Of course, in just one day, we could not go into detail on every aspect of Predict, Respond, Recover nor on all the natural hazards that can produce disasters in Australia. However, the Academy’s keynote speakers provided excellent overviews of the systems underpinning Australia’s meteorological, hydrological and oceanographic warning services, of the science and management of earthquakes and of the national research questions that need to be, and are being, addressed. They also delivered a thought-provoking analysis of the role of science in policy development based on insight into the challenges of disaster management in Australia.
The symposium at the Shine Dome in Canberra considered the multi-discplinary science involved in understanding and coping with natural hazards. Image: Bushfire and Natural Hazards Cooperative Research Centre
We heard important snippets about most of the hazards of meteorological and geological origin including severe weather, earthquake, heatwave and bushfire, plus the more specific challenges of thunderstorm asthma, marine heatwaves and the use of warnings. Time precluded our going into much detail on flash and riverine floods, hail storms, tornadoes, tsunamis and storm surges and we hardly touched on drought. There was also little on the science involved in assessing the economic costs of natural disasters in Australia. It would be good to further explore the scientific issues involved in designing effective disaster insurance as well as the medical, engineering, logistic, governance and political challenges of disaster relief and recovery.
There were, however, many powerful new insights from the presentations at the 2018 symposium that will add importantly to the general body of knowledge of disaster science from earlier national and international research and symposia. These will gradually find their way into the disaster mitigation policies and management systems and services at all levels of government in Australia. And we, the audience, were reminded (if reminder were needed so soon after news bulletins showed the destruction in Darwin from Cyclone Marcus and the horror of the Tathra bushfires) that Australia can often find itself with simultaneous and entirely different disasters in different parts of the country.
Science at the Shine Dome attracts a national and international audience and boundless networking opportunities with Australian Academy Fellows, Chief Scientists, Nobel Prize winners, early- and mid-career researchers, government representatives, politicians, media, science-associated organisations and the science-interested public. Online, Science at the Shine Dome reaches audiences of more than 500,000 people via a range of social media that makes the event truly global. This year, the Bushfire and Natural Hazards CRC was the main supporter and assisted with the organisation and provision of speakers.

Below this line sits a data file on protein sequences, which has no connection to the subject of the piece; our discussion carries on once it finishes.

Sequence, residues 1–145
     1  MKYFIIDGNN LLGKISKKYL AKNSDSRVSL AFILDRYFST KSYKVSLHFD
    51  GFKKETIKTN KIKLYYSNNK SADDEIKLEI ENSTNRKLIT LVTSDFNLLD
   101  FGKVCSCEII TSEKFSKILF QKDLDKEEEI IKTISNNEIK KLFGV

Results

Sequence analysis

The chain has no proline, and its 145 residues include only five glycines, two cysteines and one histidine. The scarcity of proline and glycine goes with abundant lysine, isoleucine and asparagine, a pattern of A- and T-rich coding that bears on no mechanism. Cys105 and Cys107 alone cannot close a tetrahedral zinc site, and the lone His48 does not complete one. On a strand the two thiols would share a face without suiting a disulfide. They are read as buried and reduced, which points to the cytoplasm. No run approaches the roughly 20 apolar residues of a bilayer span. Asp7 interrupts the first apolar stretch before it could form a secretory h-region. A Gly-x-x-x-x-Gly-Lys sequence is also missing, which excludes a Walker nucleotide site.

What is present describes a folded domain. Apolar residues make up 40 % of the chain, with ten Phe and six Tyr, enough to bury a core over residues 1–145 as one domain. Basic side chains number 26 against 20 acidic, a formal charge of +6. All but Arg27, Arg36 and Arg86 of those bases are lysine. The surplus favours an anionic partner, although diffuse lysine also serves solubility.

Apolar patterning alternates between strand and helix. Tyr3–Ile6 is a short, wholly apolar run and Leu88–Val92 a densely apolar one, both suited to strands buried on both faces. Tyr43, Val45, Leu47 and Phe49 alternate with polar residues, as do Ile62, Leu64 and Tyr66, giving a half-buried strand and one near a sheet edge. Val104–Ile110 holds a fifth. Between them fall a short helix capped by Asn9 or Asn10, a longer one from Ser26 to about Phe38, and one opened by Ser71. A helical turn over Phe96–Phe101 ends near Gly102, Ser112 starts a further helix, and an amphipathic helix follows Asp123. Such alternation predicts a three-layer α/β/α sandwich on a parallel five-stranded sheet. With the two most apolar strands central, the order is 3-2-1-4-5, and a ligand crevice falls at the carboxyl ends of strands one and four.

This edition of the Australian Journal of Emergency Management provides further important evidence of the science behind disaster mitigation and includes research reported at the AFAC18 conference in Perth last month.
In this edition, Brookfield examines how natural disasters can impact on the homeless and shows the limitations of state-funded agencies and the important role of nongovernment bodies in caring for communities. Berry and Kragt, in separate research articles, look at the roles and motivations of the volunteer forces that are so relied on during emergencies. Every examines the emerging field of psychological preparedness communication and its contribution before a disaster hits. McCarthy shows how both resilience and recovery can be improved with emergency plans that include pets and farm stock.
I am sure that those who heard the presentations at the Shine Dome and read the journal’s pages will need little further reminder of the continuing scientific and other challenges of living in a land of ‘droughts and flooding rains’.
Professor John W Zillman AO FAA FTSE
2018 Symposium Organising Committee
Australian Academy of Science